So we've had the weekend to think about it. And Timo Bernhard's history-making lap still seems ridiculous. Covering 12.94 miles of any road in 5 minutes and 19.55 seconds is faintly absurd; to do it on the Nordschleife, at an average speed of 145.3mph, is otherworldly.
Of course, this is Porsche we're talking about, with an LMP1 car to boot, so nothing was left to chance. According to Top Gear, the team had been on the simulators for months, and considered a 5 minute 30 second lap 'within pretty easy reach' - which feels like standing on the cliffs of Dover in your swimming trunks and saying France shouldn't be too hard to get to.
But the next day, on a warm-up - bang - 5 minutes 31 seconds. New tyres on, proper go - 5 minutes 24 seconds. More new tyres, Timo reconsiders his line: 5 minutes 19.545 results. "I didn't want to arrive and say 'that's the lap time I'm targeting'," he told TG afterwards, "I just wanted a car I was comfortable with and which I could generate speed in. Then in the end whatever lap time comes out, comes out.
Now, the Monday afternoon after the Friday morning. The video speaks, naturally, volumes. As does that gap to Stefan Bellof's 35-year-old record - 51.58 seconds, enough hypothetical time for Bernhard to have climbed from the car and read the front page of that day's Bild before the 620hp '83 Rothmans 956 hoved into view.
But there is plenty of room now for everyone else to speak too. Autocar reports Christian Horner having already done so: "I'm not sure a Formula 1 car could actually do it," having been asked the obvious question, "but I think that the Valkyrie -- certainly the track version of the Valkyrie -- could be a contender," he said.
Whatever you make of Aston Martin's forthcoming £2.5m hypercar, designed by demigod Adrian Newey and built in partnership with Red Bull, the prospect is a tantalising one. The 1,000hp-plus model is said to possess materials and components beyond even the reach of LMP1, and will reputedly deliver up to 1,816kg of downforce.
Then there is the Mercedes-AMG Project One, and others beyond. The flood gates, one suspects, having been closed firmly shut for the best part of four decades, are now wide open; the gauntlet flung to the floor by Timo and a race team with nothing much else to do. So 5 minutes 19.55 seconds is where we're at, and it's extraordinary. But in 12 months time? Your guess is as good as ours - although that five minute barrier seems close enough to easily become a thing...
Original story, 29-07-18
We thought this might happen. Porsche has spent the last few months parading its Le Mans-winning 919 Hybrid around Europe, apparently on some sort of extended victory lap. It hasn't done it quietly either. Oh no. Instead it reached into the former LMP1 car, and gleefully stripped out all the power-sapping elements stipulated by the WEC to create the 919 Evo - a Frankenstein's monster of a machine that knocked almost a second off Lewis Hamilton's qualifying lap at Spa last year.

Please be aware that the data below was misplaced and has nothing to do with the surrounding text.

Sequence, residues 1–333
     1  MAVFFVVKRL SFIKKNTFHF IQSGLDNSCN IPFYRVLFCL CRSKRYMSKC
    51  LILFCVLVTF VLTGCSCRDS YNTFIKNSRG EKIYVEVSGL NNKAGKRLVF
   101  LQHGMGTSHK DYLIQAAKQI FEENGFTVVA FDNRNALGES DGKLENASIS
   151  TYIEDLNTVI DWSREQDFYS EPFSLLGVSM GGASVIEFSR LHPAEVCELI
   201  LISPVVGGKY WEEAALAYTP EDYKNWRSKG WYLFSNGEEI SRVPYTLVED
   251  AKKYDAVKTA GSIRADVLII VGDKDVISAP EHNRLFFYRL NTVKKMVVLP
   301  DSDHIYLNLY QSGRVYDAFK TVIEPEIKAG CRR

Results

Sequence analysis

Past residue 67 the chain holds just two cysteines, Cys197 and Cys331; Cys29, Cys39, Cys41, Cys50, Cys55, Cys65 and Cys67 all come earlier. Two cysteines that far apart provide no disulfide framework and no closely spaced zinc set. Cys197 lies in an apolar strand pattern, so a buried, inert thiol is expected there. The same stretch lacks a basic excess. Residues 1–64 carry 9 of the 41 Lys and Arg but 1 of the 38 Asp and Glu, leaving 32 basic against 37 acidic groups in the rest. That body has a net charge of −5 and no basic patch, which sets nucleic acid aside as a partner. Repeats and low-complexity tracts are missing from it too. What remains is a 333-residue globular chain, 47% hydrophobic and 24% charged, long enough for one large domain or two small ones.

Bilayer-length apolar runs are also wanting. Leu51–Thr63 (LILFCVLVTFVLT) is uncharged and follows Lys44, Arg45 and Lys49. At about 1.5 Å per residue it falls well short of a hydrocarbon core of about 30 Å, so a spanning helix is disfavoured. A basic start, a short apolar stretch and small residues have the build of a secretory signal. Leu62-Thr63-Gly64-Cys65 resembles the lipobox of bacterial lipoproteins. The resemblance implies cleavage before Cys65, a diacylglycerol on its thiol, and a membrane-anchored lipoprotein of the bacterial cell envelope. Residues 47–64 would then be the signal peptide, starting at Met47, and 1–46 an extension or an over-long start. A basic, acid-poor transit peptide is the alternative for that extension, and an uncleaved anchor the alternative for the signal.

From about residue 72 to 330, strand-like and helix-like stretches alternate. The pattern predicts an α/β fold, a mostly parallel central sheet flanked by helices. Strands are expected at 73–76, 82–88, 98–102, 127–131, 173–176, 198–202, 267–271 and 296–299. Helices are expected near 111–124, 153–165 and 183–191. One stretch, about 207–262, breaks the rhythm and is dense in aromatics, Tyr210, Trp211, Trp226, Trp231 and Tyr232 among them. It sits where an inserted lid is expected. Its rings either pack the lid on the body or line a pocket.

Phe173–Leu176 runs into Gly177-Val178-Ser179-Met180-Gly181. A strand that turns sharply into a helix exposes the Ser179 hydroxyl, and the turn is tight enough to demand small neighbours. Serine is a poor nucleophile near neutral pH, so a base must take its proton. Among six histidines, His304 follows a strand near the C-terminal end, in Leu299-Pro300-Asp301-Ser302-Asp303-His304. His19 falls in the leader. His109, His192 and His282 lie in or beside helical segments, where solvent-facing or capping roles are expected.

Now it seems like that was just a warm-up for the main event. Porsche likely had Stefan Bellof's 35 year-0ld Nordschleife record in mind from the start. After all, there is no timed lap anywhere in the world held in the same regard as one recorded at the Nurburgring, and the 6mins 11.13secs set by the Porsche 956 in 1983 has since passed into legend. What better way to top off the 919's 'Tribute Tour' than smashing its ancestors benchmark?
And 'smashing' is the right word. The 6mins 11.13secs it took Bellof to lap the Green Hell was (and is) an outrageous time, even taking into account the savagery of the 956. Now Porsche - or more specifically Timo Bernhard - has knocked the best part of a minute off the record, managing 5mins 19.546secs after a first run of 5mins 24.375secs. For reference, it took Kenny Brack 6mins 43.22secs to get a 1000hp McLaren P1 round in May 2017. The manufacturer has been hardly any slower in uploading the onboard footage to YouTube - and if the fact of that incredible time hasn't sunk in yet, prepare yourself for something special.
How did Porsche pull it off? Well, huge credit must obviously go to Timo (who presumably finds it hard to walk with two watermelons in his boxer shorts) but it's hard not to return the spotlight to what is plainly a remarkable car. Without the mandated fuel flow restrictor, the Evo's V4 engine develops 720hp, with its similarily unshackled electric motors delivering an additional 440hp. It has shed 39kg in weight, meaning it now weighs 849kg - about the same as a Lotus Elise. Oh and it produces 53 per cent more downforce than the LMP1 version, together with a 66 per cent increase in aerodynamic efficiency. Even before today, the Evo could credibly be called one of the fastest motor cars ever made. Now Porsche can claim to have proved it.